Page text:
TRADING COMMODITY FUTURES AND OPTIONS INVOLVES SUBSTANTIAL RISK OF LOSS ANDMAY NOT BE SUITABLE FOR ALL INVESTORS. YOU SHOULD CAREFULLY CONSIDER WHETHER TRADING IS SUITABLE FOR YOU IN LIGHT OF YOUR CIRCUMSTANCES, KNOWLEDGE AND FINANCIAL RESOURCES.
Last Thursday the USDA shocked the market with lower corn and soybean acreage intentions rekindling the soybean rally that had lost momentum in recent weeks. Just as funds had rushed to get out of long positions before the report they came pouring back in after. However, a bearish Quarterly Grain Stocks report and continued fears over trade wars have made it difficult for soybeans to extend the strength from the acreage surprise. Will soybeans push to new highs or was this just a head fake?
On the March 1st Quarterly Grain Stocks and Prospective Plantings report the USDA indicated that US farmers intend to plant 88 million acres of corn and 89 million acres of soybeans, both below expectations. For soybeans this was a little over 2 million acres below the trade expectations. This could mean less US soybean production (depending on yield) and buyers came out in force.
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While the acreage number was the biggest surprise of the day, Quarterly Grain Stocks flew a bit under the radar. Stocks came in larger than expected for both corn and soybeans. However, I'm not sure why the average trade guess for corn was so low by my account this would have been a very bullish number. But for soybeans the trade has a pretty good idea of what stocks should be going in. For the most part we know what crush and exports were during the time frame which leaves only seed and residual. So, for the soybean stocks number to come in well above expectations this could have a big effect on upcoming supply and demand reports.
In my book the acreage intentions number and the soybean stocks number were somewhat offsetting. While lower acreage could mean lower production (especially in a bad weather year), going into the growing season with bigger stocks offers a larger cushion for error. The ongoing trade war fears with China are also a potential black swan as China has clearly favored South America this year.
In the near term soybean direction may be dependent on the speculative position. If funds see smaller than expected acreage and problems with Argentina as a good reason to keep buying we could still go higher yet. However, in the long term the soybean outlook might not be so rosy. If exports continue to struggle into next year and the US has a normal growing season it is very possible that soybeans could have a record ending stocks for the next marketing year. Obviously weather will be the biggest factor.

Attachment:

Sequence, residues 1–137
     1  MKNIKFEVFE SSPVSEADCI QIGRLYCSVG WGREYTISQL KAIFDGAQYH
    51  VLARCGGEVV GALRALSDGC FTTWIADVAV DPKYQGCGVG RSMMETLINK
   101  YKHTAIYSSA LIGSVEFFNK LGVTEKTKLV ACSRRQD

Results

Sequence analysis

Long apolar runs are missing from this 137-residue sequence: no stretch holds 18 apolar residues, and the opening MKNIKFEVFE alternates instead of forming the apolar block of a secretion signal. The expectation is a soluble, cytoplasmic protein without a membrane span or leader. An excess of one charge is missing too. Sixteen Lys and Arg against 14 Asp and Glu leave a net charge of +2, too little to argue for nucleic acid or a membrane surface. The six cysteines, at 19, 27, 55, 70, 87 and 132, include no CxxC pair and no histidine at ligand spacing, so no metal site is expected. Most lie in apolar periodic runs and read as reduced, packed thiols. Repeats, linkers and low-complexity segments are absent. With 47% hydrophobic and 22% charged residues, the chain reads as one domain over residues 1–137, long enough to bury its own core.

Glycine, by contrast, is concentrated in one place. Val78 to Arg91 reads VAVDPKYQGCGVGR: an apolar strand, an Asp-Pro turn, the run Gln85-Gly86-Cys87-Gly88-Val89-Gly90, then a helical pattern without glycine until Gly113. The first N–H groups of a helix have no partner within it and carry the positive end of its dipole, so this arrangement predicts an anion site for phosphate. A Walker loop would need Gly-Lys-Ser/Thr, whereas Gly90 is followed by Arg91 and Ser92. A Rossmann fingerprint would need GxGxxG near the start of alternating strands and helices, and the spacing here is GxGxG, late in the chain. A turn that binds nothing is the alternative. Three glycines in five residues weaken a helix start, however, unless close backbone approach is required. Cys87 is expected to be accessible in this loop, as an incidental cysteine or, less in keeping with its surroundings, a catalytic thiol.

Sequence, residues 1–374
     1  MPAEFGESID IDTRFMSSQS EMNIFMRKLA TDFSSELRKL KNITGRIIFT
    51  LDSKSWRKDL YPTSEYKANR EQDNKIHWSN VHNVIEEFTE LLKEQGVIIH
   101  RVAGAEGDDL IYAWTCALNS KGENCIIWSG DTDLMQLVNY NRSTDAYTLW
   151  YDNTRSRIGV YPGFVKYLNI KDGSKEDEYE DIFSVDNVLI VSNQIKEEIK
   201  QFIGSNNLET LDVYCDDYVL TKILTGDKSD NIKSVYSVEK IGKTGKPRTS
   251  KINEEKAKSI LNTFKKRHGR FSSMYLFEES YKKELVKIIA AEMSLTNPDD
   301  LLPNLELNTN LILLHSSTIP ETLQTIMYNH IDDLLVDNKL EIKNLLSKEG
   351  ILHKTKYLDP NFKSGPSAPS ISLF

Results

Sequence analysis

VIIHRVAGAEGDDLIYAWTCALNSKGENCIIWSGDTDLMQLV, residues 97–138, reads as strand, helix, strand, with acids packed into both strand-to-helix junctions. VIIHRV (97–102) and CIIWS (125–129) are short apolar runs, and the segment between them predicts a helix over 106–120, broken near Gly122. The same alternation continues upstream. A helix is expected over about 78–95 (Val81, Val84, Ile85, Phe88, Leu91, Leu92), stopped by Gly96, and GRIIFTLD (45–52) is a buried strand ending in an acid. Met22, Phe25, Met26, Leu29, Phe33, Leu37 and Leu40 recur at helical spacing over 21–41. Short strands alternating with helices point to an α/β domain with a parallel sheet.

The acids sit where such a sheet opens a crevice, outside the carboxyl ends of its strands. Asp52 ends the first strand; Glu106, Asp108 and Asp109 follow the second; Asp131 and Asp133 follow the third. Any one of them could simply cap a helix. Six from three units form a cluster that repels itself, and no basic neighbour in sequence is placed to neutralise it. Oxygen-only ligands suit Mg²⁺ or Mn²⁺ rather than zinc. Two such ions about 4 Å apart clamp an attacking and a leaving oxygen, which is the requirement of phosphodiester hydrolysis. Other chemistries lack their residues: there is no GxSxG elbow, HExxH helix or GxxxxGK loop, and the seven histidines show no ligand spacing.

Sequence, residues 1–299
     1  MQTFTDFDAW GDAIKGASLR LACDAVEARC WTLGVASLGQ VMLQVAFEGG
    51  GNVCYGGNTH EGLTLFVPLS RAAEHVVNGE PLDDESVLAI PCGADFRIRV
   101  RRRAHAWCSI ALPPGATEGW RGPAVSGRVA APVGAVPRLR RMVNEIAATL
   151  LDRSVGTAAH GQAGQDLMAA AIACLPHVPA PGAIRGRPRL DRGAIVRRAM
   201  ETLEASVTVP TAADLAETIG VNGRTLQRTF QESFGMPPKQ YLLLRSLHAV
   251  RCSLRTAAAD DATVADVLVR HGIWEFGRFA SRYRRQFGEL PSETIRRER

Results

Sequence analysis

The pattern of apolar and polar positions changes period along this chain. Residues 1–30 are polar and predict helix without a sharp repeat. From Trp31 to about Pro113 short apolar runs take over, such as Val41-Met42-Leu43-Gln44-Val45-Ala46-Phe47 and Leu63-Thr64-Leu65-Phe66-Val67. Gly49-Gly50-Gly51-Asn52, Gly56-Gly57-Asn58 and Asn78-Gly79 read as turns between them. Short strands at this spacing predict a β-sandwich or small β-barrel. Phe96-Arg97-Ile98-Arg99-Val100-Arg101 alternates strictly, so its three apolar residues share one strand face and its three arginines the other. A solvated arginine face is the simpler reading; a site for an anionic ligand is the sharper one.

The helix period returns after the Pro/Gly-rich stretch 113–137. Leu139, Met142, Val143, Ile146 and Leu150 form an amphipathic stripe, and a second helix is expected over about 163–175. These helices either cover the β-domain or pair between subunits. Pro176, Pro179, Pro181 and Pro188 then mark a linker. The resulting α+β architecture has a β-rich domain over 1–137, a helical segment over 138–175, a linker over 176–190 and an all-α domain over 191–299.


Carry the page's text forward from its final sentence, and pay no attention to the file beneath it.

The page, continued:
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Give us a call if you would like more info on the strategies we are using or if you would like to set up an account to put a plan in action. Ted Seifried - (312) 277-0113. Also, feel free to give me a call or shoot me an email if you would like to talk about your marketing plan, the markets, weather, or just to visit. Follow me on twitter @thetedspread if you like.
May Corn Daily chart:
May Soybeans Daily chart:
May Wheat Daily chart:
Producers looking to hedge all or a portion of their production may be rather interested in some of the options / options-futures strategies that I am currently using.
In my mind there has to be a balance. Neither technical nor fundamental analysis alone is enough to be consistent. Please give me a call for a trade recommendation, and we can put together a trade strategy tailored to your needs. Be safe!
Ted Seifried (312) 277-0113 or firstname.lastname@example.org
Additional charts, studies, and more of my commentary can be found at: http://markethead.com/2.0/free_trial.asp?ap=tseifrie
FOR CUSTOMERS TRADING OPTIONS, THESE FUTURES CHARTS ARE PRESENTED FOR INFORMATIONAL PURPOSES ONLY. THEY ARE INTENDED TO SHOW HOW INVESTING IN OPTIONS CAN DEPEND ON THE UNDERLYING FUTURES PRICES; SPECIFICALLY, WHETHER OR NOT AN OPTION PURCHASER IS BUYING AN IN-THE-MONEY, AT-THE-MONEY, OR OUT-OF-THE-MONEY OPTION. FURTHERMORE, THE PURCHASER WILL BE ABLE TO DETERMINE WHETHER OR NOT TO EXERCISE HIS RIGHT ON AN OPTION DEPENDING ON HOW THE OPTION'S STRIKE PRICE COMPARES TO THE UNDERLYING FUTURE'S PRICE. THE FUTURES CHARTS ARE NOT INTENDED TO IMPLY THAT OPTION PRICES MOVE IN TANDEM WITH FUTURES PRICES. IN FACT, OPTION PRICES MAY ONLY MOVE A FRACTION OF THE PRICE MOVE IN THE UNDERLYING FUTURES. IN SOME CASES, THE OPTION MAY NOT MOVE AT ALL OR EVEN MOVE IN THE OPPOSITE DIRECTION.